Related to our feelings are our thoughts, and these too can be so fleeting we don’t even realize what they are. Again, we can be deeply affected by our underlying beliefs and thoughts, and yet they can work outside of our awareness and control.
Identifying Your Thoughts
It is not external events that create your feelings, but rather what you think about what happened. When someone cuts you off in traffic, you could see it as an insult, or as the result of the person not paying attention. Unreasonable thoughts lead to unnecessarily bad feelings.
It helps to notice what you are thinking when you feel bored, sad, guilty, or angry. At first this may be difficult to notice, so just listen to your own thoughts and write down whatever ones you catch. You’ll get better at it over time.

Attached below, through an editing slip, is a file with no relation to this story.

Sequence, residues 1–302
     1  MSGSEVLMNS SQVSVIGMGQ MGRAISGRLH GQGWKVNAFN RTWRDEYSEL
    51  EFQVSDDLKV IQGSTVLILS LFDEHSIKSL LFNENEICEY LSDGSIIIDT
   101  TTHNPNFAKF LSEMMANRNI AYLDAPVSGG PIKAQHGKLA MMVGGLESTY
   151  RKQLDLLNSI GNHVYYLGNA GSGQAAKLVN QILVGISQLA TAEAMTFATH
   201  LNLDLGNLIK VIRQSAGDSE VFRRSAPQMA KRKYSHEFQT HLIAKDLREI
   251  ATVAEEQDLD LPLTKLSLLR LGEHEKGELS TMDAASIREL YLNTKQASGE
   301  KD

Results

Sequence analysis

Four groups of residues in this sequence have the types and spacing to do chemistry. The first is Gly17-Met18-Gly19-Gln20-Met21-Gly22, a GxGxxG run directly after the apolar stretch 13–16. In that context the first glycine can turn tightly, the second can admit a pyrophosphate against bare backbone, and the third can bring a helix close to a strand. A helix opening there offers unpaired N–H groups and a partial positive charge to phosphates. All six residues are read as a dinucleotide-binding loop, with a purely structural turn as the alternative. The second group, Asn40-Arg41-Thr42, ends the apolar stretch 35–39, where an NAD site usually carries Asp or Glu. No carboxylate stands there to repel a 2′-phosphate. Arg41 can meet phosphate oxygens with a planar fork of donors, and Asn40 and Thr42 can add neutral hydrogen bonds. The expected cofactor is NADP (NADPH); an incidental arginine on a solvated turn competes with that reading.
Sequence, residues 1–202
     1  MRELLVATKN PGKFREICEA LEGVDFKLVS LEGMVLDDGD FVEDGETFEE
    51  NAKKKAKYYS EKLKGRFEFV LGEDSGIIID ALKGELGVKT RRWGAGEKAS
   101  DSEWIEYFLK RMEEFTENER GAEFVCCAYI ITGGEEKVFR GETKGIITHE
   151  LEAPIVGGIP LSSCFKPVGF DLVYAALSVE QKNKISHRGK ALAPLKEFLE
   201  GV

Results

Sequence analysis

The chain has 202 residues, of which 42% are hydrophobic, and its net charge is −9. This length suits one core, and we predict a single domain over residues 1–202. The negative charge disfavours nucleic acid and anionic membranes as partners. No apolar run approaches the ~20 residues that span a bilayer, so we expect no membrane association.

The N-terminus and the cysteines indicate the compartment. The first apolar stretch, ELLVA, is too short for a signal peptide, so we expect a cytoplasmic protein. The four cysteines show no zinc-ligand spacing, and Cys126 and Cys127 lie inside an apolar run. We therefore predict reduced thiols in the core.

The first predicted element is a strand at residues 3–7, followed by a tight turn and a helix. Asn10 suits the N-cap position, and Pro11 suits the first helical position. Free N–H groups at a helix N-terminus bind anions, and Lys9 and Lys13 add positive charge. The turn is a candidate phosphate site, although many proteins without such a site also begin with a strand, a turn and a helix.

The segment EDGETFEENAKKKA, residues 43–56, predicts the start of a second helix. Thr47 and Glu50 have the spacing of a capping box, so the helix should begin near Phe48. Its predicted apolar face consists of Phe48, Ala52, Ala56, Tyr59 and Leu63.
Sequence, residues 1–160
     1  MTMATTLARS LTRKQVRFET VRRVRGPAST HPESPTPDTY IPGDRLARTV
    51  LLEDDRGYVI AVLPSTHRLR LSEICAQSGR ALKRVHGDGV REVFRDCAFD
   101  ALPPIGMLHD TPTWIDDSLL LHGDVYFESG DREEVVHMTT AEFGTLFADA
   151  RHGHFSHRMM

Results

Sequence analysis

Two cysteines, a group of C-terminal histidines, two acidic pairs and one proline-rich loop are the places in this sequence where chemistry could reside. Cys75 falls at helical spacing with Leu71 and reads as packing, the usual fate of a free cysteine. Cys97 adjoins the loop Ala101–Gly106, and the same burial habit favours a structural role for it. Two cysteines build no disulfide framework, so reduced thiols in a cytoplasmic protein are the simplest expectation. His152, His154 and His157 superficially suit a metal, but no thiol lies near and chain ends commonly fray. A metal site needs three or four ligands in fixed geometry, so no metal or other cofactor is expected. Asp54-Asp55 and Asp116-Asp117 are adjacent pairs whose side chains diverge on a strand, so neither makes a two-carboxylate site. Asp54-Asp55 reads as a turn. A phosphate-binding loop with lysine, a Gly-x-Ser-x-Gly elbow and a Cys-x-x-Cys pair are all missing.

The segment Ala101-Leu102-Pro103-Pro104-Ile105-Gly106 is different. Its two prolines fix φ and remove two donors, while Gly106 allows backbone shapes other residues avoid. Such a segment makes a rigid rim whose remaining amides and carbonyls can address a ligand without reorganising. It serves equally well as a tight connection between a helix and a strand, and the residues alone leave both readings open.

Then examine them. Are they true? Rational? At the very least, question your thoughts and loosen your grip on them as being valid. Learn to dispute them. Your heart will thank you for it.
Watch this video on the link between thoughts and feelings, at Actualized.org
So, if what’s going on in your head is creating unsettling emotions, how can you change this? How can you change your thinking so that you feel peaceful and happy, energized and focused? How can you use your creative and critical thinking capacity to generate positive emotions and accomplish your goals in life?
Your mind is flexible; you can decide to think differently. Learn from the masters, study positive thinking. Try this exercise: Next time you experience anger or frustration, identify the thought behind it. Then try to think the opposite. Try to imagine being someone else who would have a completely different reaction to the situation.
It might seem difficult at first, but keep trying to create new ways of thinking and eventually you will succeed.
Learn More Here
- Simple graphic above showing how thoughts make feelings, at TherapistAid.com
- 10 common thinking mistakes we make, by David Burns, MD